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Expand chart
Reproduced from IEA, Future of Cooling report; Chart: Axios Visuals

The International Energy Agency forecast Tuesday that the number of air conditioners in buildings worldwide will more than triple by 2050, reaching 5.6 billion as demand surges in India, China and elsewhere.

Why it matters: Absent major efficiency gains, the added power demand will make it much harder to achieve the kind of worldwide carbon emissions cuts that would be needed to ward off potentially catastrophic warming levels.

The amount of energy needed for cooling will triple, reaching a level equal to China's total power demand, the new report finds. As the world warms in response to human-caused climate change, the need for air conditioning will become more acute, particularly in the Middle East and South Asia.

  • IEA estimates that left unchecked, air conditioning will account for 18 percent of the total worldwide increase in CO2 emissions by 2050.
  • And rising demand for cooling is "already putting enormous strain on electricity systems in many countries," IEA said.

The big picture: The report shows the immense challenge of increasing the health and well-being of billions of people, especially in increasingly hot places where air conditioning remains rare, while stemming emissions at the same time.

One level deeper: Air conditioning now accounts for about one-fifth of electricity used in buildings. IEA's "baseline" scenario, which models existing policies and targets, projects that by 2050 . . .

  • Cooling will account for 40 percent of the growth in power demand in buildings, and represents the second-biggest driver of all global electricity growth.
  • Even as the global power mix becomes less carbon-intensive as reliance on coal decreases, emissions from fossil-fueled generation associated with cooling need will double. That's in part because India — where cooling use soars — will still be using lots and lots of coal.
  • Cooling will account for 15 percent of all power-related carbon emissions.

What they recommend: The report lays out an "efficient cooling scenario" that greatly slows the amount of energy demand growth that accompanies expanded access to air conditioning.

It involves steps like stronger performance standards, better labeling, more global cooperation and greater use of incentives.

Under their scenario, power demand for cooling still grows over the next three decades, but by 2050 the energy needed is still half of what it would be under their "baseline" forecast.

“With rising incomes, air conditioner ownership will skyrocket, especially in the emerging world. While this will bring extra comfort and improve daily lives, it is essential that efficiency performance for ACs be prioritized. Standards for the bulk of these new ACs are much lower than where they should be."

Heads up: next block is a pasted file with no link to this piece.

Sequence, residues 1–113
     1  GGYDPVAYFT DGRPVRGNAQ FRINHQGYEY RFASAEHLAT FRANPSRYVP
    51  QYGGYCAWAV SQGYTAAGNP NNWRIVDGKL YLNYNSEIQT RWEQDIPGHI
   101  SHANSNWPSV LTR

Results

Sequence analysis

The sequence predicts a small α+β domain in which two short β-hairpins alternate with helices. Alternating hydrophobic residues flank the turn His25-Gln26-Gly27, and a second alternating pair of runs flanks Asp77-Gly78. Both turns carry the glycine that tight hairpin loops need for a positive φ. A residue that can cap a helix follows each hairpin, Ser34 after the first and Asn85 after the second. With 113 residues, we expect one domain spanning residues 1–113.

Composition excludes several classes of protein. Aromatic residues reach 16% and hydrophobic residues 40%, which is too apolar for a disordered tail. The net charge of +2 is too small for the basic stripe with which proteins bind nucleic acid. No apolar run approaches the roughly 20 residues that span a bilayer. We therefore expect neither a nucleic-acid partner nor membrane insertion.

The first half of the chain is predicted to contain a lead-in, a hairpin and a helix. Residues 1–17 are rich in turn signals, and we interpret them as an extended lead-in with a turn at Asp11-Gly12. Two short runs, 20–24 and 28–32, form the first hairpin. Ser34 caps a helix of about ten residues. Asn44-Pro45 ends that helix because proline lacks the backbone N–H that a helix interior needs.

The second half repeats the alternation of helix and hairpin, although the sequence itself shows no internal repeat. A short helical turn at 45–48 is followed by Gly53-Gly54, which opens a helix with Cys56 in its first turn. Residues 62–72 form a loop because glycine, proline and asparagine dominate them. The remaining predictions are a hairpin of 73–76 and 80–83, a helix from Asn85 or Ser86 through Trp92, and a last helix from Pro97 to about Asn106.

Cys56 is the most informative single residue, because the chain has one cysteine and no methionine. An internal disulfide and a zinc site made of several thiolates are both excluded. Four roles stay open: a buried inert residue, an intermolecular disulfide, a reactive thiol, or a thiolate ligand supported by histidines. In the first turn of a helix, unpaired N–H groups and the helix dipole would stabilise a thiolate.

— IEA Executive Director Fatih Birol

Go deeper

Bryan Walsh, author of Future
3 mins ago - Technology

AI could end foreign-language subtitles

Illustration: Shoshana Gordon/Axios

AI companies are developing methods to translate and synthesize voices in ads, movies and TV.

Why it matters: The advances in voice synthesis could help fix bad movie dubbing — and they come as international content is becoming increasingly important to studios and streaming platforms as part of the globalization of entertainment.

Bryan Walsh, author of Future
Updated 9 hours ago - Technology

A dark view of the future of autonomous weapons

A still from the video "If Human: Kill ( )." Image: Future of Life Institute

A new short film warns of the coming risks posed by the development and proliferation of lethal autonomous weapons.

Why it matters: Drones with the ability to autonomously target and kill without the assistance of a human operator are reportedly already being used on battlefields, and time is running out to craft a global ban of what could be a destabilizing and terrifying new class of weapon.

Updated 10 hours ago - Politics & Policy

Omicron dashboard

Illustration: Shoshana Gordon/Axios

  1. Health: Coronavirus variant surveillance varies widely by state — Omicron cases confirmed in 5 U.S. states America probably won't lead the effort to understand Omicron.
  2. Vaccines: Omicron adds urgency to vaccinating world — Omicron fuels the case for COVID boosters — Moderna loses patent battles tied to COVID vaccine — Pfizer could have vaccine data for children under five by end of 2021, CEO says.
  3. Politics: Nevada to impose insurance surcharge on unvaccinated state workers — New Jersey GOP lawmakers defy statehouse COVID policy — Oklahoma sues Biden administration over Pentagon vaccine mandate — Omicron travel bans are sign of what's to come.
  4. World: WHO: Delta health measures help fight Omicron — COVID cases surge in South Africa in sign Omicron wave is coming — Germany approves new restrictions for unvaccinated people.
  5. Variant tracker: Where different strains are spreading.